The global logistics industry is "unsophisticated" and due for a major shake-up, according to the boss of a cargo-handling giant. Mika Vehvilainen, chief executive of Finnish company Cargotec, expects autonomous vehicles and artificial intelligence to disrupt the market in coming years. "But it's also, from an operating cost point-of-view, clearly [beneficial] – about 40 per cent of port operating costs today in the Western world are labour costs. Meanwhile, the chief executive said his business had been negatively affected by the UK's Brexit vote last year.
In March this year, PWC released a report saying that 10 million UK jobs are at risk of being replaced by AI within 15 years. Insurance companies are already dinosaurs and while we will still need insurance, we don't need our current insurance companies. Those expensive on-site skilled jobs are gone forever, replaced by massive automation and AI from mining operations to plant operations to administration. Australia, as a home of the corporate oligopoly, suffers the associated elitism, complacency, lack of innovation and resistance to change which are characteristics of all oligopolies.
Nvidia has benefitted from a rapid explosion of investment in machine learning from tech companies. Can this rapid growth in the use cases for machine learning continue? Recent research results from applying machine learning to diagnosis are impressive (see "An AI Ophthalmologist Shows How Machine Learning May Transform Medicine"). Your chips are already driving some cars: all Tesla vehicles now use Nvidia's Drive PX 2 computer to power the Autopilot feature that automates highway driving.
Over the next 15 years, AI technologies will continue to make inroads in nearly every area of our lives, from education to entertainment, health care to security. "Now is the time to consider the design, ethical, and policy challenges that AI technologies raise," said Grosz. The report investigates eight areas of human activity in which AI technologies are already affecting urban life and will be even more pervasive by 2030: transportation, home/service robots, health care, education, entertainment, low-resource communities, public safety and security, employment, and the workplace. Some of the biggest challenges in the next 15 years will be creating safe and reliable hardware for autonomous cars and health care robots; gaining public trust for AI systems, especially in low-resource communities; and overcoming fears that the technology will marginalize humans in the workplace.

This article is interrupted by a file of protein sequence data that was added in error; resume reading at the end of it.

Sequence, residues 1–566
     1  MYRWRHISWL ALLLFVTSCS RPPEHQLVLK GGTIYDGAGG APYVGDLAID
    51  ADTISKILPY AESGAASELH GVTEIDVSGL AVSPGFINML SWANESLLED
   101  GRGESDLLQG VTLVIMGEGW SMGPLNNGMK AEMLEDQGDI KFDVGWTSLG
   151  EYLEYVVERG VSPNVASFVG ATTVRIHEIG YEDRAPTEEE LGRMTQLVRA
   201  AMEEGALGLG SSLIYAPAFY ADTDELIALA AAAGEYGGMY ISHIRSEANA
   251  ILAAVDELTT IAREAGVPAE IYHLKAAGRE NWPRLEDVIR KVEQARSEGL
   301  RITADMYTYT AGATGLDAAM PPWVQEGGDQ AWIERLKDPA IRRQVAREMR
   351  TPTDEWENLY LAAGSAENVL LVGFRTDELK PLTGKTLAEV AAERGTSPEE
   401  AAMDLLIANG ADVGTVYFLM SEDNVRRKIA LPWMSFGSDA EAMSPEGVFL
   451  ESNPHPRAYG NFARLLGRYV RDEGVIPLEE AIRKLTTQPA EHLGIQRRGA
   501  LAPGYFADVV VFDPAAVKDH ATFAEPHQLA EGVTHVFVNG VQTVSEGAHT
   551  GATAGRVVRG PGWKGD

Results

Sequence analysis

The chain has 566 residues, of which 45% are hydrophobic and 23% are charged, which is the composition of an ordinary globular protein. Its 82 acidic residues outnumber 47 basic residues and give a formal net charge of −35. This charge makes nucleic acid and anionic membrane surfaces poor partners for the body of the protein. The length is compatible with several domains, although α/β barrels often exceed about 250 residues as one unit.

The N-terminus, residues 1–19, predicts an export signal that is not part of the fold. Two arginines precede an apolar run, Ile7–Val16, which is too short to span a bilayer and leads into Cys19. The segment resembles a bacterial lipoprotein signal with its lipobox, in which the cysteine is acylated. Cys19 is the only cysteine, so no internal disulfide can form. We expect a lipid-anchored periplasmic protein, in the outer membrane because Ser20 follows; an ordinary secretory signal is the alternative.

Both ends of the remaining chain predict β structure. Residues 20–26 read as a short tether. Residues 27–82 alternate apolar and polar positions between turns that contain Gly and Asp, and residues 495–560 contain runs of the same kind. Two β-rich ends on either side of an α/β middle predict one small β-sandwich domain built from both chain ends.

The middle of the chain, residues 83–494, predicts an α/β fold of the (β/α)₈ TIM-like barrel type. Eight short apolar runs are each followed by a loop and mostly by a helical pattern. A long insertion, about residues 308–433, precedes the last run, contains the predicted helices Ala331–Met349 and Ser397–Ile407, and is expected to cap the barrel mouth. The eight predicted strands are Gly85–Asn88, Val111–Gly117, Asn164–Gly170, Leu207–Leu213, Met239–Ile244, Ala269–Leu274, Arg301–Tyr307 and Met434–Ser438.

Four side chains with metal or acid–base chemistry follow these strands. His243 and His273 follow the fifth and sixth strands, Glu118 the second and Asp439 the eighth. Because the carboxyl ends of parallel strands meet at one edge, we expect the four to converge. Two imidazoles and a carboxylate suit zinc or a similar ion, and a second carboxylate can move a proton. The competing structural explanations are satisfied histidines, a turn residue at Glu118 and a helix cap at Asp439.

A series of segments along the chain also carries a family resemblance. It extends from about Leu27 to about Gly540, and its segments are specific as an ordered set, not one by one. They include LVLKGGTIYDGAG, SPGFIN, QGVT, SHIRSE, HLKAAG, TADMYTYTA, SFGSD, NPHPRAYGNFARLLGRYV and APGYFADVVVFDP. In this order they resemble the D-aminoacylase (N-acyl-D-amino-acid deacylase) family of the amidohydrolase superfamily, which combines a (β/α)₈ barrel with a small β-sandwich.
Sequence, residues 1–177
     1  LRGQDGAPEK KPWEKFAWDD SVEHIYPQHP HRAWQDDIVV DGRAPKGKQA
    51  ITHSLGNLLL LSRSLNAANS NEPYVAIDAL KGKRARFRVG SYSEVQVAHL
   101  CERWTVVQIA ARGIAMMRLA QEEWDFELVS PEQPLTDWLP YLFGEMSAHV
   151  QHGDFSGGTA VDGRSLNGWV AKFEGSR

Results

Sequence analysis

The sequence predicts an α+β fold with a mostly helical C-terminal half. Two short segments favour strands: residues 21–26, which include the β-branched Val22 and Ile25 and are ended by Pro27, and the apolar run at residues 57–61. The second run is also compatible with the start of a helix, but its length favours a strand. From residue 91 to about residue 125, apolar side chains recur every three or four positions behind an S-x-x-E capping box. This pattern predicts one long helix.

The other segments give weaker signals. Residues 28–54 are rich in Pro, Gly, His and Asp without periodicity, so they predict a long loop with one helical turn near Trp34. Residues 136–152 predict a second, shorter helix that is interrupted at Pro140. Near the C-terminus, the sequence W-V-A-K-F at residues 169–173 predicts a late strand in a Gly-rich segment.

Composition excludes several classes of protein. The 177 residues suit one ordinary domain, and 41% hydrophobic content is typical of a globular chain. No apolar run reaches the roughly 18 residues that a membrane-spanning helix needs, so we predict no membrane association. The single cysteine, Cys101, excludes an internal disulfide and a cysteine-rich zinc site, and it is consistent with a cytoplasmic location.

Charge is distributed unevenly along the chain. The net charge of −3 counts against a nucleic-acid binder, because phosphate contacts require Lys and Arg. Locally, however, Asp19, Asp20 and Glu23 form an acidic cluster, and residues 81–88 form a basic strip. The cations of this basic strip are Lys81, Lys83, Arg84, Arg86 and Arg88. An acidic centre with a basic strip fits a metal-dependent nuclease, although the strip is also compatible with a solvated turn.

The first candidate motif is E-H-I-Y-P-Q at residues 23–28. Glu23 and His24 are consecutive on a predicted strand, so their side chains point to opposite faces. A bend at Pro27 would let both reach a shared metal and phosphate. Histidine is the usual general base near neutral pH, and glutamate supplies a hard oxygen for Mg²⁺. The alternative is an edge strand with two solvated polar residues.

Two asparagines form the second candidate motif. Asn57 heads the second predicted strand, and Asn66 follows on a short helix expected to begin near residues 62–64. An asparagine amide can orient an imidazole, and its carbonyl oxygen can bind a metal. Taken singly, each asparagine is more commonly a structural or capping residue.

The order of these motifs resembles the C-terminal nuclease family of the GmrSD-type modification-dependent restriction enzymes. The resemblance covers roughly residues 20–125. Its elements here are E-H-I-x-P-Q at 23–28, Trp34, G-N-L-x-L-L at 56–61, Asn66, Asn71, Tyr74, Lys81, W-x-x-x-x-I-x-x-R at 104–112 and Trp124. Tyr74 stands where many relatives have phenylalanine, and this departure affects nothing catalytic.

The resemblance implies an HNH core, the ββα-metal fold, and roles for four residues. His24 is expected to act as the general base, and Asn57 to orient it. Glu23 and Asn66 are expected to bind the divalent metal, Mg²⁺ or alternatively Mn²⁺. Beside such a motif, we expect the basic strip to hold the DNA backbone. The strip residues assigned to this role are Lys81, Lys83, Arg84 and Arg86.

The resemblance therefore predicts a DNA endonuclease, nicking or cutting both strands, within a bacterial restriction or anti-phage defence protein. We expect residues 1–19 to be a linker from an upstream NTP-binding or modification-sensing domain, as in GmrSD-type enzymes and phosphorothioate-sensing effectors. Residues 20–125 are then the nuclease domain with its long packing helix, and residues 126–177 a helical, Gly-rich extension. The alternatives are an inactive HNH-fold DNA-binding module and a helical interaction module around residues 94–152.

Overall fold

"Highly autonomous cars and everything they connect to will require powerful and reliable electronic brains to make them smart enough to navigate traffic and avoid accidents," Intel Chief Executive Brian Krzanich said last Friday at a joint news conference announcing the alliance. It is too early to say which other carmakers would join the alliance, BMW Chief Executive Harald Krueger said at a news conference on the outskirts of Munich on Friday. But creating common technology standards would help all manufacturers update their vehicles faster, Intel Chief Executive Brian Krzanich said. Auto camera and software maker Mobileye will supply its Road Experience Management (REM) technology and make its latest EyeQ5 chip available to be deployed on Intel computing platforms.
If you'd like to read more about the awesome potential of machine learning, check out the article in the link below: The era of globalization has brought about both advantages and disadvantages. With the variety of cutting-edge technology available at the UA Lighthouse, the company wants to develop best practices for all of its products that are made domestically and abroad. To hear more about what the industry is saying about the UK's recent decision, check out the article in the link below: In the past few years, there's been a greater and greater focus on autonomous cars and commercial vehicles. At the recent Autonomous Ship Technology Symposium 2016 in Amsterdam, Rolls Royce released a white paper that details how autonomous freight ships are technically and economically feasible.
Artificial intelligence in Korea is currently prospering. The media is regularly reporting AI-enabled products such as smart advisors, personal robots, autonomous cars, and human-level intelligence machines. The Ministry of Science, ICT, and Future Planning (MSIP) has launched new funding programs in AI and cognitive science to implement the government's newly adopted endeavor of building a "Creative Economy" and "Software Centric Society". Similar to the history of AI worldwide, AI research and industry in Korea have faced both the ups and downs in its history.